Wednesday, June 4, 2008

It's Not About Me

“And the monk understands, by the terms in which his vows are made, that his gift of himself to God will consist chiefly in a gift of himself to his abbot and his brothers. He will no longer live for himself but for the monastic family to which he has been admitted. He will prove his love for God and glorify him by the simplicity and love with which he obeys his abbot and his brothers, and dedicates his body and soul to the praises of God and to the round of labor and reading and meditation laid down in the Rule.”[1]

With the growing interest in Benedictine spirituality by lay-seculars living in the world, the nature of this practical spirituality was addressed by a group of Directors of Oblates and formulated in a document, Guidelines For Oblates Of St. Benedict, first published in 1973. These guidelines clarify and restate the Statutes and Declarations contained in an earlier manual[2] that drew upon the Statues and Rules of the Secular Oblates of St. Benedict officially approved by the Sacred Congregation of Bishops and Regulars in 1904 after the canonical status of Oblates was established by Pope Leo XIII in 1898.[3] This helps me to see the importance placed on Oblate life by the Church and our Directors in these recent modern times.

This practical Benedictine spirituality is not a step in the right direction. It is a giant leap that catapults one from their comfortable preferential ideals. It launches one into a complicated gut wrenching dialogue with one’s self, with God, and with others that often care little about carrying on this deeply intimate conversation – others that often lash out with those proverbial whips and blades when their own preferential comfort zones are challenged. Practical spirituality is not convenient. It is, however, expedient.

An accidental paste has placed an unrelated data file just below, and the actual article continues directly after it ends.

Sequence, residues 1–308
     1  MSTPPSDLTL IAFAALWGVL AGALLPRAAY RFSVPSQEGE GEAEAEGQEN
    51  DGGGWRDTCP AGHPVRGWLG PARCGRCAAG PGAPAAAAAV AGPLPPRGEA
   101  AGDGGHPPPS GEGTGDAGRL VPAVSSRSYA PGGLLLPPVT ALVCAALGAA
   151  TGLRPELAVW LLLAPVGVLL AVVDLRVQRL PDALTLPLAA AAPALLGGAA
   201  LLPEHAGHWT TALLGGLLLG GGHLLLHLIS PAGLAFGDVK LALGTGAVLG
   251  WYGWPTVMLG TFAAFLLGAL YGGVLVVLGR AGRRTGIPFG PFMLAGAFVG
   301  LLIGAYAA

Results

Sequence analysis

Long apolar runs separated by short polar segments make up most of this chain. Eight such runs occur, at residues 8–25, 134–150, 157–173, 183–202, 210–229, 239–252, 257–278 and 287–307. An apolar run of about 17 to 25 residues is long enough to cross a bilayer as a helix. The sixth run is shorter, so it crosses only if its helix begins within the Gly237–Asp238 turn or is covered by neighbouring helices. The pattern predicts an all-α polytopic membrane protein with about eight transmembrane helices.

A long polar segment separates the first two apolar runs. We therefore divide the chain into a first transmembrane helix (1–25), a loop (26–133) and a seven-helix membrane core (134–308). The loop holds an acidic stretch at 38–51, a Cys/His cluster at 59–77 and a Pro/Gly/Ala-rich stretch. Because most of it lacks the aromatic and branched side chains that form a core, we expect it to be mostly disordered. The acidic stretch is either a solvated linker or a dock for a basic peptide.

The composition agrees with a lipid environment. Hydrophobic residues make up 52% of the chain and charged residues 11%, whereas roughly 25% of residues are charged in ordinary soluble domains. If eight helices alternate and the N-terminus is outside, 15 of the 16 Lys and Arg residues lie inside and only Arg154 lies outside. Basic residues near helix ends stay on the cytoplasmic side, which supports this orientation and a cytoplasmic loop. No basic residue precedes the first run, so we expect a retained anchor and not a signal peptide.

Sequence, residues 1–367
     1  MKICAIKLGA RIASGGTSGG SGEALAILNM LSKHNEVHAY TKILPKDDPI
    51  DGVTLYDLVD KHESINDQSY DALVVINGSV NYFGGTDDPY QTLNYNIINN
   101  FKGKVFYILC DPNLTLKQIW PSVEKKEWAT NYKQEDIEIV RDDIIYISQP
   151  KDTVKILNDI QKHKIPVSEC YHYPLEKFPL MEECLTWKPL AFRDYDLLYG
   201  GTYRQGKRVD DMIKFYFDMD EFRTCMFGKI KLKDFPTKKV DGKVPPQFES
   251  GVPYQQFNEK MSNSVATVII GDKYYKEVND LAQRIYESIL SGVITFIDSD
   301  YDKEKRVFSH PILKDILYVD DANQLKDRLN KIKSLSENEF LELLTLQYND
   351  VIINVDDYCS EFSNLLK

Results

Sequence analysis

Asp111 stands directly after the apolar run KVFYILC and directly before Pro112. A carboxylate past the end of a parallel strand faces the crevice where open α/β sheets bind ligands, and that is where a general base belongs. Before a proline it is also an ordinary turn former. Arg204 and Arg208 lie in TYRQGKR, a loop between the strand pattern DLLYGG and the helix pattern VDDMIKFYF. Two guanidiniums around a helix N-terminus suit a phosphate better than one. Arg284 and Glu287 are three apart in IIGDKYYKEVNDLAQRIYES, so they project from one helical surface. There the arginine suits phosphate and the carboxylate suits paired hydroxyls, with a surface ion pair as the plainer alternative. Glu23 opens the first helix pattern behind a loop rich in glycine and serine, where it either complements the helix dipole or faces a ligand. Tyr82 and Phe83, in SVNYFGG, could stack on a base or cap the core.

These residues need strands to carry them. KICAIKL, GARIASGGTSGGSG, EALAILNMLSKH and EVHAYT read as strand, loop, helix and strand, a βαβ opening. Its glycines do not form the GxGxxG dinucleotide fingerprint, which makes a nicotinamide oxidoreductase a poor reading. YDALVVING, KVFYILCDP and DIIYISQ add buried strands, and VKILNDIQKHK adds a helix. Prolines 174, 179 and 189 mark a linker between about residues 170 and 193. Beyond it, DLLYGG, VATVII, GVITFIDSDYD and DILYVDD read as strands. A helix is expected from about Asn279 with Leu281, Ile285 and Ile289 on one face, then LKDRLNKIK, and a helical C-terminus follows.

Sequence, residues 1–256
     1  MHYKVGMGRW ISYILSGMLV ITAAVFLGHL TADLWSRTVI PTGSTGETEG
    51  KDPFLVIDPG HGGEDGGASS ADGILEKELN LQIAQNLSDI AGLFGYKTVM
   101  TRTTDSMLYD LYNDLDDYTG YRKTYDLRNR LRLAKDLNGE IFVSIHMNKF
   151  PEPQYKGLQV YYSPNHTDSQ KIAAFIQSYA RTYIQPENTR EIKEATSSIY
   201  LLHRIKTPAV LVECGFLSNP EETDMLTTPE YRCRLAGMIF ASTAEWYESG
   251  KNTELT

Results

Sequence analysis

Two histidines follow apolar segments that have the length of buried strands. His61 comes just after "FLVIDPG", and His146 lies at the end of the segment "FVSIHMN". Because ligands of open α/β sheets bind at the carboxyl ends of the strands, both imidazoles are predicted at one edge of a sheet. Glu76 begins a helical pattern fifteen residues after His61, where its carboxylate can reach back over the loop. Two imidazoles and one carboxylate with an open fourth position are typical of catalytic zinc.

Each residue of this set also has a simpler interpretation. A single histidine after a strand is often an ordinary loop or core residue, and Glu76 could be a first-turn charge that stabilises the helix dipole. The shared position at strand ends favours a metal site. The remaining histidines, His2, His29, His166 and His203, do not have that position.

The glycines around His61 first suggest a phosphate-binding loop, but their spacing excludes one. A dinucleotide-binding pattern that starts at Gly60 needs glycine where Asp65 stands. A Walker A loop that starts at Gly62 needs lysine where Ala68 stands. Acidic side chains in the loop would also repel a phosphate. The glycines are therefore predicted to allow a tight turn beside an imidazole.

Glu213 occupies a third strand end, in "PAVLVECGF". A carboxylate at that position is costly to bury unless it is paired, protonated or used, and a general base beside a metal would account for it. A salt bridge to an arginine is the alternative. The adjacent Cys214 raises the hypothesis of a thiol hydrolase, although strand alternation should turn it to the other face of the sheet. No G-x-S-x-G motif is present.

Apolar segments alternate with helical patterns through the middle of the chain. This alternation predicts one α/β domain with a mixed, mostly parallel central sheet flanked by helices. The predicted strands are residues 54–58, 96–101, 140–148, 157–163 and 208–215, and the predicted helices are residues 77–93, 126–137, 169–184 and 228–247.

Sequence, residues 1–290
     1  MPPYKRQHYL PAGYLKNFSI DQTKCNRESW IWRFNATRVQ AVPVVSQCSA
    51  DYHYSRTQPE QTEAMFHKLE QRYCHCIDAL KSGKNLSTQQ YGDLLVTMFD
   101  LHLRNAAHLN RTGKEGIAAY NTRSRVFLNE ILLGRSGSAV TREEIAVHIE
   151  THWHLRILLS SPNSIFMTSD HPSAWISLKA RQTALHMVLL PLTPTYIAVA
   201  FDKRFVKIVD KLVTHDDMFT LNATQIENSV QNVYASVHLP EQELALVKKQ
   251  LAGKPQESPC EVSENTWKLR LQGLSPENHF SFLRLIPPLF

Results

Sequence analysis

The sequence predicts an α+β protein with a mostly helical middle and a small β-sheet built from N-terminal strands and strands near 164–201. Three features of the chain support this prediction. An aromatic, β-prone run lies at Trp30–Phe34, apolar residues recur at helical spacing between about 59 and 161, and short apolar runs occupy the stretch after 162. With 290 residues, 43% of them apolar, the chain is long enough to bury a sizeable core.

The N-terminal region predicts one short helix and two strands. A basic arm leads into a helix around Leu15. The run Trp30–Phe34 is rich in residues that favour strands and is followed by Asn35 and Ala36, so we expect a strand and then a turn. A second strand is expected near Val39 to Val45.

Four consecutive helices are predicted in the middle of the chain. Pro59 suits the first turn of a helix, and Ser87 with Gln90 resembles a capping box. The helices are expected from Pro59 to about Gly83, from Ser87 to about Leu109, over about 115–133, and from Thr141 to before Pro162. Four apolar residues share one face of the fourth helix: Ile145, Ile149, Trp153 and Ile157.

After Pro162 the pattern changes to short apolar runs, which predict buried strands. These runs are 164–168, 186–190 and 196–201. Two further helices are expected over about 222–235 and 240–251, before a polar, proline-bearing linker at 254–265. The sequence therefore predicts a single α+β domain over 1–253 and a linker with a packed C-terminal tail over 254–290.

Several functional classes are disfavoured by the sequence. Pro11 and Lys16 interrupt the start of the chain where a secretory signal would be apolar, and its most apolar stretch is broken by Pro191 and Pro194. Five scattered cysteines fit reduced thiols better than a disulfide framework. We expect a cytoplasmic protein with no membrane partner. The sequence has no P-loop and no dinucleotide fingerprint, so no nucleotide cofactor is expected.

We are told that as Oblates we are to live by the spirit of the Rule as best as our state of life will allow. It’s often been said that as Oblates our cloister is the world. Both of these are accurate but broad, general statements. They are good statements. They can, however, also be used as scapegoats to justify a lack of commitment to an active role in the Church’s mission to the world.[4]

The eighth step of humility[5] directs us toward a deeper, more surrendered, obedience. When I read the Rule, as an Oblate of St. Benedict, I need to also be mindful of the wisdom of the Directors who have been given the responsibility to guide me as I endeavor to live out the spirit of the Rule in my day to day life in the world. “Just in case I am becoming complacent as a result of these earlier steps, Benedict floors me with a thoroughly down to earth demand in this step. He tells me to stay in line, keep a low profile, not draw attention to myself. This must mean in my situation, outside a community, that I should be willing to be guided by others, to remain in the mainstream, and not become a law to myself.”[6]

In refusing to become a law to myself, by obedient submission to the Rule of St. Benedict and careful spiritual directors, I begin to realize my role as part of the spiritual arm of the Benedictine community. “Oblates are a “spiritual arm” of the Benedictine community, reaching out into all areas of life, seeking to share with others what they themselves gain as Oblates of St. Benedict. Their affiliation with a community of monks or nuns is not therefore for their own personal good alone. It is chiefly by their Christian example, even by their presence among others, that they hope to bring St. Benedict’s ideal of service to God and man into the world where they live and work.”[7]

[1] Thomas Merton, The Waters of Siloe, p. 18
[2] Manual For Oblates, St. John’s Abbey Press, 1955
[3] ibid
[4] Preamble, Guidelines For Oblates of St. Benedict, 1973
[5] RB 7:55
[6] Esther de Waal, A Life Giving Way, p. 66
[7] Guidelines For Oblates Of St. Benedict, Constitution, 1c